How to Rock Your Photography Sales Calls
When you’re running a photography business, there’s something preeetttty important to have: and that’s having things to photograph, right?!
More importantly, it’s having things that you’re getting paid to photograph.
Whether you’re shooting portraits or weddings or a venue or a brand’s product or something totally different, consistently booking shoots and clients is a key part of turning a photography hobby into a photography business.
And, guess what that means? It means that you have to get on sales calls, you have to rock sales calls, and you have to convert clients into paying customers on the sales calls.
It’s that simple.
But, I’ll can be honest with you — no photographer loves getting on sales calls (no service provider does)! After all, we want to book clients to HELP them more than anything. Those things we do and the shoots we capture are our passion… but they also happen to make us money. Managing that can be a really tough balance to strike, especially when you don’t want to feel pushy or salesy.
- Get. It. And, I’ve felt that exact pain point over and over again — especially when I was earlier on in my business and felt pressure to bring clients into my calendar. However, I’ve learned exactly how to rock photography sales calls in a way that makes my potential clients feel empowered and excited, a way that almost always gets me bookings, and a way that makes us both feel good.
So, if you’re a photographer trying to optimize your sales calls, I’ve got you.
First up, here’s the secret to rocking your photography sales calls…
I talk about mindset a lot over here, and for good reason — because I think that mindset is actually, really and truly, the most important part of running a business that’s actually sustainable. And I also think — heck, I know — that there is absolutely no way you can effectively rock sales calls if you’re not confident in your offerings, in your abilities, and in your worth.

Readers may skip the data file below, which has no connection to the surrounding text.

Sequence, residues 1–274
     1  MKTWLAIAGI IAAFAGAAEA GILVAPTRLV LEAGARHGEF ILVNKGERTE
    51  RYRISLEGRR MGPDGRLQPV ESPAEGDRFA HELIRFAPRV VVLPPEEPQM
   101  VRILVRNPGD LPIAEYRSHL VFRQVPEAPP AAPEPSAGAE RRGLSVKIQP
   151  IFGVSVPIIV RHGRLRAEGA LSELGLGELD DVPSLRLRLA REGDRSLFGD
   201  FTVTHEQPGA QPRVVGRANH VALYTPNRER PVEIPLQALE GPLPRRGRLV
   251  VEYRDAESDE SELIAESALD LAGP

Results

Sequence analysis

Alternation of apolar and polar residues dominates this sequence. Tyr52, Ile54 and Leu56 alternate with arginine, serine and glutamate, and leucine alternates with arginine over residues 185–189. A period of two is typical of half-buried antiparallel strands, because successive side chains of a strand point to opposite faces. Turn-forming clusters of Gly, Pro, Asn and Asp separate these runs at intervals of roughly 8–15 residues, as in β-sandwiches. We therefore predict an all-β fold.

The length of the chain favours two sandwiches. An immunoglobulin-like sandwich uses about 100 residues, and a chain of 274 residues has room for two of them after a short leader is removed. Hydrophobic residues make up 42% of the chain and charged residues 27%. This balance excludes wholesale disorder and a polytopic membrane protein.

Now I’m a human and a creative, too — and I know that confidence can be really difficult to cultivate, especially when you’re in a business of service to others. However, I also know that you’re in the business you’re supposed to be in… and believing that is absolutely essential when convincing clients that you’re their person.
My go-to photography sales call tips
Like most things in business, I really do think that photography sales calls come down to strategy from the jump — and when you can get clear on that strategy, you’ll be successful more often than not! Here are the photography sales call tips I stick to on my own to rock ‘em so that you can rock yours, too!
First up, take control of the timeline: A lot of photographers (especially newbie photographers) tend to mess up sales calls when they don’t take control from the jump — so here’s your reminder! You’re the one getting them on the phone, and you’re the one they want to work with… so, take initiative to lead the call! I always tell clients from the beginning of the call how the call will go, and I’d recommend this to instantly set yourself up as a guide and build immediate trust!